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A look at over 10 years of Smucker’s Kentucky facility’s inspections


A decade of inspections at J.M. Smucker Company’s production facility in Lexington, KY, leaves questions about how Salmonella found its way into products and spread to consumers.

This May, the outbreak strain of Salmonella Senftenberg was found in the J.M. Smucker Company’s production facility in Lexington, KY. 

On July 27, the CDC declared its investigation of the Salmonella outbreak connected to J.M. Smucker Co. over. It revealed 21 illnesses in 17 states. Four people required hospitalization and no deaths were reported.

The true number of sick people in an outbreak is likely much higher than the number reported, and the outbreak may not be limited to the states with known illnesses, according to the CDC. This is because many people recover without medical care and are not tested for Salmonella.

Whole Genome Sequencing (WGS) analysis showed that samples from sick people in this investigation are closely related genetically to a sample collected in 2010 from the environment at J.M. Smucker Company’s facility in Lexington, KY, where some Jif brand peanut butter is produced.

“The analysis shows that this 2010 environmental sample matches the strain causing illnesses in this current outbreak. Epidemiologic evidence indicates that Jif brand peanut butter produced in the J.M. Smucker Company facility located in Lexington, KY, is the likely cause of illnesses in this outbreak,” according to a public alert issued by the Food and Drug Administration.

Food Safety News has obtained more than 10 years of FDA and Kentucky Department of Public Health inspection reports for J. M. Smucker Company facility in Lexington, KY.

The FDA selects facilities for inspection based on risk. The Food Safety Modernization Act, enacted in 2011, required FDA to immediately increase inspections of both foreign and domestic food facilities, including manufacturers/processors, packers, repackers, and holders of foods under FDA jurisdiction and mandated an inspection frequency, based on risk, for food facilities. All high-risk domestic facilities must be inspected within five years of enactment and at least once every three years after that.

FDA inspects food facilities to ensure food safety and compliance with regulations. During an inspection, FDA inspectors may identify potential violations of the Food, Drug, and Cosmetic Act as well as other applicable laws and regulations.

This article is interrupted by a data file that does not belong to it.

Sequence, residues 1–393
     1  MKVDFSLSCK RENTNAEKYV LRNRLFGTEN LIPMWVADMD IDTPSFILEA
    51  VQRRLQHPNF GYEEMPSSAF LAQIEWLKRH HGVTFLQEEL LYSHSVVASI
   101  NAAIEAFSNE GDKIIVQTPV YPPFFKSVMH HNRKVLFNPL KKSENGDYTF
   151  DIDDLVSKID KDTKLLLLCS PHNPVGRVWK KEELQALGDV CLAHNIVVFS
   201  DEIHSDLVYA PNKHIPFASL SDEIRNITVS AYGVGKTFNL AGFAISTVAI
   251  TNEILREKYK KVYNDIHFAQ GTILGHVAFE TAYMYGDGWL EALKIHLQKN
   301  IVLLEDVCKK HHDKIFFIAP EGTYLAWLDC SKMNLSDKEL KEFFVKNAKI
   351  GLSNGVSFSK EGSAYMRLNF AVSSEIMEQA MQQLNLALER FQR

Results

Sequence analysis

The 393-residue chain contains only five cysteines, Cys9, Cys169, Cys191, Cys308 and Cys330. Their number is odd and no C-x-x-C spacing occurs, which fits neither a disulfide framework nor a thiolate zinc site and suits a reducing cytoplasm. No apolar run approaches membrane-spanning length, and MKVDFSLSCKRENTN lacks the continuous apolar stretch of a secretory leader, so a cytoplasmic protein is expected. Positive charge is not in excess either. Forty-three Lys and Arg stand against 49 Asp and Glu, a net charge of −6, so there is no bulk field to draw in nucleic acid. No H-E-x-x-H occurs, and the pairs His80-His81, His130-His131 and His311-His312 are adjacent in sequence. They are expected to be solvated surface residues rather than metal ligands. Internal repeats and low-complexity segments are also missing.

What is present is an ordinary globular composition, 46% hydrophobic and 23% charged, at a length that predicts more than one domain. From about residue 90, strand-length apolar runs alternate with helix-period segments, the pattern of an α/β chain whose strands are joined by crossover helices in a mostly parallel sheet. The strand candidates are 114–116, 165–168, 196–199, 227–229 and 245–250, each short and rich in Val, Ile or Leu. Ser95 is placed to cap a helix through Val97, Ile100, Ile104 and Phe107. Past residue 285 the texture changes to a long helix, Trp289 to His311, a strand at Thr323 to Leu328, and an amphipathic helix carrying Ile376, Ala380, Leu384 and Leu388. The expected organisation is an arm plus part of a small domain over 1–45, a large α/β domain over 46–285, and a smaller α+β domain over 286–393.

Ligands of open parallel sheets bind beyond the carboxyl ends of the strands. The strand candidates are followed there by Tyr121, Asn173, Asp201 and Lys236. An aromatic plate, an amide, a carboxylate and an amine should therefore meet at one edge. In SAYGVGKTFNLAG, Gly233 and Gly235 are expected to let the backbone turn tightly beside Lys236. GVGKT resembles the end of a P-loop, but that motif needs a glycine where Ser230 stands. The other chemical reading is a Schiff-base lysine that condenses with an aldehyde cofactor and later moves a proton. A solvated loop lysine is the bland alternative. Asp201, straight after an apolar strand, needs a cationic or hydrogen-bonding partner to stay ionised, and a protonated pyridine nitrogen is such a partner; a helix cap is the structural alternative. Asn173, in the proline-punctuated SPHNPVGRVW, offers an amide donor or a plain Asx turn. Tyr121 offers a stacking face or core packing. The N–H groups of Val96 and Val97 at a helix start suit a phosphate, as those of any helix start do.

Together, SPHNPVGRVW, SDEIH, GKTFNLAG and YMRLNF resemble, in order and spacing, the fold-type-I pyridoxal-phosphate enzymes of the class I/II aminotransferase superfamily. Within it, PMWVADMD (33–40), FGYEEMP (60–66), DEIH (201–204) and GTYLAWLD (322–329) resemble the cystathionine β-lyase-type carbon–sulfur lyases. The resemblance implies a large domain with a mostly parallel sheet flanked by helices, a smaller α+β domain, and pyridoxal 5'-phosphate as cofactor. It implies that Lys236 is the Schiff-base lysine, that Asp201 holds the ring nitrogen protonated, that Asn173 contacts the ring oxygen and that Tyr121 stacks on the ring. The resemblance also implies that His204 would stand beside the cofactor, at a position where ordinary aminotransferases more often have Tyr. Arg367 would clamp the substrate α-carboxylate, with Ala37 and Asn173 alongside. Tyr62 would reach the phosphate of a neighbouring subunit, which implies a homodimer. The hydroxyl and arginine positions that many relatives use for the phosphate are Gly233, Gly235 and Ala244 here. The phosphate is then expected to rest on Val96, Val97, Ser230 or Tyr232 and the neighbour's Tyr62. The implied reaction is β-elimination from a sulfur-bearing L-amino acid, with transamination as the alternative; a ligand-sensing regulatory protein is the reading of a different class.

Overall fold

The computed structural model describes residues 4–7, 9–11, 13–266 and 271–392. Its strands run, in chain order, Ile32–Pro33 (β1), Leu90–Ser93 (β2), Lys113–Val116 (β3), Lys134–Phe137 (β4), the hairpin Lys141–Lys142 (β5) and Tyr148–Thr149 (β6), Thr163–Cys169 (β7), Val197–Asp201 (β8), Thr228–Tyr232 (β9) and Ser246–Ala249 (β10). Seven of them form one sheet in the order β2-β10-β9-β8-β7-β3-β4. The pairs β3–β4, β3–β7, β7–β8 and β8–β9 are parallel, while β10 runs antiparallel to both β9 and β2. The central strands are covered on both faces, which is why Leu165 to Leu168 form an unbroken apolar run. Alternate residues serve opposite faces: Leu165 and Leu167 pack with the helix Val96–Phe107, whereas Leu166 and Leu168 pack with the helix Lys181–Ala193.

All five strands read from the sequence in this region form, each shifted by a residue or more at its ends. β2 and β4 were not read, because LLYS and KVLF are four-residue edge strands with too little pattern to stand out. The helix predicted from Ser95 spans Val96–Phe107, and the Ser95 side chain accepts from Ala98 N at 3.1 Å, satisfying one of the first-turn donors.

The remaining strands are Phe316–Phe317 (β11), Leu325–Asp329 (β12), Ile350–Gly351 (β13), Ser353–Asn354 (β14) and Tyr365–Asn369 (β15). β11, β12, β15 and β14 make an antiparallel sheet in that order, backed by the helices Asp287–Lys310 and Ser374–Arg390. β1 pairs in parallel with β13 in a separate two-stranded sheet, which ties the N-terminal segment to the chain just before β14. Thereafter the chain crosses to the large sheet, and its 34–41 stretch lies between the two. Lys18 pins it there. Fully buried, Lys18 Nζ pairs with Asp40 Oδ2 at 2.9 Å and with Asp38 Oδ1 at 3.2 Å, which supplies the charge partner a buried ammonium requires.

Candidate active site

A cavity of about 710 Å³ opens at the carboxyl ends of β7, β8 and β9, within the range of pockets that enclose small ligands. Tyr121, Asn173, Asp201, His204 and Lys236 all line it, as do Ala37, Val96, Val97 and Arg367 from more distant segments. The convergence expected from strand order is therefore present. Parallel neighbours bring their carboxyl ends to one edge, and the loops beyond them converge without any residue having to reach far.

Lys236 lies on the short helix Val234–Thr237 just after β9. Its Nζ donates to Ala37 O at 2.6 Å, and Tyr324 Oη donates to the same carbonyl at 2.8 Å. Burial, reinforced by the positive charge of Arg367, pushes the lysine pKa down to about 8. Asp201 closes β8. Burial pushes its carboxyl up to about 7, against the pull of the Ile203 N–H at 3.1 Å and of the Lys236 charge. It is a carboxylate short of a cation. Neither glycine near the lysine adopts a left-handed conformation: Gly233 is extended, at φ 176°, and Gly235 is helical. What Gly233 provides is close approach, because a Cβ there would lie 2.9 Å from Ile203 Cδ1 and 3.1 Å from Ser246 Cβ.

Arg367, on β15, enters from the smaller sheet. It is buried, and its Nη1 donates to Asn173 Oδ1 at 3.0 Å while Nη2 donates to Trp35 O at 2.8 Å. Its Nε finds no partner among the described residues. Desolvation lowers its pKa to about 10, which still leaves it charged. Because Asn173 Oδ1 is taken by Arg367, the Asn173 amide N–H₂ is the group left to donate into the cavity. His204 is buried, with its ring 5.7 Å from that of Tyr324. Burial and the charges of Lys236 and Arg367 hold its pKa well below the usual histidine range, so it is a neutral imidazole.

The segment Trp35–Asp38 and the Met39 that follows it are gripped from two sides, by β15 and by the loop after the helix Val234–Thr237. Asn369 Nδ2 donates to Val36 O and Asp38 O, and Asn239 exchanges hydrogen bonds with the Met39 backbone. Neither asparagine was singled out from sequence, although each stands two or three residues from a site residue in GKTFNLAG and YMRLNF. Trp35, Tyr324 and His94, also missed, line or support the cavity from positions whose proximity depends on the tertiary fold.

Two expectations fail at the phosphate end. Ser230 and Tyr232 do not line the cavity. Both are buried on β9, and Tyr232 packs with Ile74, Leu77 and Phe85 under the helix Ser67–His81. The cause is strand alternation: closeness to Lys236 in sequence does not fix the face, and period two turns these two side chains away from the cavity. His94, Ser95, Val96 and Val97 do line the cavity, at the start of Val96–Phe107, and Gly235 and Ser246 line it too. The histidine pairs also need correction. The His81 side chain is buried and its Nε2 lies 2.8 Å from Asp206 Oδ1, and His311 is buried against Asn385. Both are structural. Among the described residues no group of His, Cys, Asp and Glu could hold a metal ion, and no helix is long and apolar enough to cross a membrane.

The question that must be asked: was this salmonella outbreak the result of negligence on the part of the J.M. Smucker Company facility? The violations cited below by federal and state at the facility over the years merit consideration.

FDA — 08/31/2009 Establishment Inspection:

There were no objectionable conditions observed and an FDA 483 form, List of Observations, was not issued.

There were no objectionable conditions noted.

FDA — 6/21/2010 Establishment Inspection:

Although no FDA 483 was issued, the following 4 observations were discussed with the firm. The four observations that were discussed with the firm at the close-out meeting:

1. A FDA inspector observed an employee leaving the production plant and cross the street to go to the BP Express to purchase an item. This employee was wearing the company issued white smock, beard cover, bouffant hair cap, and shoe covers.

2. A FDA investigator and state inspector observed an employee use her fingers to reach inside fallen jars along the production line to set them upright.

3. A FDA inspector observed an employee entering into the (redacted) room from outside through the west door in building (redacted) and use the sanitation pan. The sanitation pan was not positioned directly in front of this door. There is a control panel to the left of the door that provides a walkway behind the panel from the door into the (redacted) room. The sanitation pan is located in front of the control panel but to the right allowing for an open walkway between the panel and the sanitation pan.

The sanitation pan for the north outside door in building (redacted) was located to the left of the door, leaving space between the doorway and the sanitation pan.